Last week a high-profile British therapist nailed middle-class parents to the wall for contributing to alcohol addiction in their adolescent children.
A combination of stress, stigma and naivety among these parents, Mandy Saligari argued, meant more and more teenagers were showing up to her London clinic with substance abuse problems, some as young as 13.
“They appear to have everything,” the Charter clinic founder told The Independent, “educated parents, nice homes, comfortable backgrounds and good schools… They’ve got prospects in the world and yet there is this pattern of abusing drugs and alcohol.”
Saligari’s comments came on the back of a US study that indicated that high-school pupils from affluent communities are more likely to end up with drug and alcohol addictions later in life.
The researchers from Arizona State University found that, by age 26, upper-middle-class young adults’ lifetime chances of being diagnosed with an addiction to drugs or alcohol were, on average, two to three times higher than the national rates for people of the same age.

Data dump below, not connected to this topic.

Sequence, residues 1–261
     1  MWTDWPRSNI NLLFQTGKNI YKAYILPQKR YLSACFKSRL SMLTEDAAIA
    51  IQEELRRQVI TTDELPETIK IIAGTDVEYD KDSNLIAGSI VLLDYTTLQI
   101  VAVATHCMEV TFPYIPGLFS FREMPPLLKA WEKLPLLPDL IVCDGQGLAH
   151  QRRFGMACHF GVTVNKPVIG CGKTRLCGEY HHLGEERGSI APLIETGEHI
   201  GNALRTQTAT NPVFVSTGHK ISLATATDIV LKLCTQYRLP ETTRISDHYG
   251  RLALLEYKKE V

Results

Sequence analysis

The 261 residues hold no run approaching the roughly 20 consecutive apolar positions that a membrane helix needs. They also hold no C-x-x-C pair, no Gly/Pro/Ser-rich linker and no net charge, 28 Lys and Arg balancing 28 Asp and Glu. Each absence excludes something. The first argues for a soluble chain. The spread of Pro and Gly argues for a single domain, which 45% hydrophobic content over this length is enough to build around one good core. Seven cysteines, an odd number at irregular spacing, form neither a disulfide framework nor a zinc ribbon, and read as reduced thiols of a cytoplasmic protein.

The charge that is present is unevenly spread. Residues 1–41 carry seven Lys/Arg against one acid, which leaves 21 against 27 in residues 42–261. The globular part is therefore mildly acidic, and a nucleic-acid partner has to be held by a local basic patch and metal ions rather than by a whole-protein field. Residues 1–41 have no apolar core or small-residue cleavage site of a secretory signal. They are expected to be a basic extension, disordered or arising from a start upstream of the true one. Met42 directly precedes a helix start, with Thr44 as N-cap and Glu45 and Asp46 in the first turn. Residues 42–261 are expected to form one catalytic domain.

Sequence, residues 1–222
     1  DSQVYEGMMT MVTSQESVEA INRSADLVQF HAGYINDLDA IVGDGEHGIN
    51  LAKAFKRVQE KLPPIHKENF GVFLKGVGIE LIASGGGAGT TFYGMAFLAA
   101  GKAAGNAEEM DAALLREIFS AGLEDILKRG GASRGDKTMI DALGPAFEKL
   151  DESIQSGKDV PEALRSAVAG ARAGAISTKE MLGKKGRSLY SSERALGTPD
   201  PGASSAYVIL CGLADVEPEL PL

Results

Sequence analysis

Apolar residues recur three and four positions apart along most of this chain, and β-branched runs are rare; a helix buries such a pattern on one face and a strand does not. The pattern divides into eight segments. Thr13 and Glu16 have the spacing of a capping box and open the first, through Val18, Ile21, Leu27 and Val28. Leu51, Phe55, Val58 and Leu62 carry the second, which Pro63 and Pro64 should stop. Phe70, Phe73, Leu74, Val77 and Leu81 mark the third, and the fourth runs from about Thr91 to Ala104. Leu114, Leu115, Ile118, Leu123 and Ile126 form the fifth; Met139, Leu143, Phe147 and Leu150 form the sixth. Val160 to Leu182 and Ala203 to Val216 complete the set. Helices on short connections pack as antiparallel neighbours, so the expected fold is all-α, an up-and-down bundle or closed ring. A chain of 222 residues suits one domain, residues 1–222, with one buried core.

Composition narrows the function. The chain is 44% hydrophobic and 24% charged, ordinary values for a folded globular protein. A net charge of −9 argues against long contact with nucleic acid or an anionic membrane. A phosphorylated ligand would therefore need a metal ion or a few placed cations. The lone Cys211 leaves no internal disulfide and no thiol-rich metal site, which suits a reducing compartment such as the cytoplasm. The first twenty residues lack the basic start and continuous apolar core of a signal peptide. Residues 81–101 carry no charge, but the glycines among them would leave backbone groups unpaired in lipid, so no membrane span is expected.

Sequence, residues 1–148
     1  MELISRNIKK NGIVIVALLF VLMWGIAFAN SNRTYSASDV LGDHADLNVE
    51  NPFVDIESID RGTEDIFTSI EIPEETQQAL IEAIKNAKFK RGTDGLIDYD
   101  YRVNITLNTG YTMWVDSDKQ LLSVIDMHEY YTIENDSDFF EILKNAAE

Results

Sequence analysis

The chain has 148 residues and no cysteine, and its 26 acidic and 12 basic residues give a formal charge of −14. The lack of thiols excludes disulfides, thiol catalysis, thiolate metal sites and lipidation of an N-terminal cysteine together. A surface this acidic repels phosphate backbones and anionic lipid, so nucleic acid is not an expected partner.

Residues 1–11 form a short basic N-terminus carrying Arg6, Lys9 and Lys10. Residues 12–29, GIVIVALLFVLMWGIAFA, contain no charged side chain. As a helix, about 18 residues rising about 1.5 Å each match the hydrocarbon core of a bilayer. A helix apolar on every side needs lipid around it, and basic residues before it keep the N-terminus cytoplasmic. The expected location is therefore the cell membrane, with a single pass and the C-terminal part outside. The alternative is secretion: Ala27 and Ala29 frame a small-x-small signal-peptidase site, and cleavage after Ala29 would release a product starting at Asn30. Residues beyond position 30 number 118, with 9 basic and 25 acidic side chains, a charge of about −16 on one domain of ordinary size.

According to Saligari the root is stress.
Stressed parents who work long hours providing opportunities for their children to supersede them come home and drink. Then stressed teenagers, eager to meet that expectation, are scared to admit when they have a problem.
“So you have the parents working really hard, trying to provide all the opportunities for the child so that the child can succeed, but the child is experiencing so much pressure that they don’t want to let the parent down, to tell them that they’re struggling," she said.
"It’s such a negative circuit.”
But Australian psychologist Dr Michael Carr-Gregg argues class isn't the clearest path to dependence on alcohol. Age is.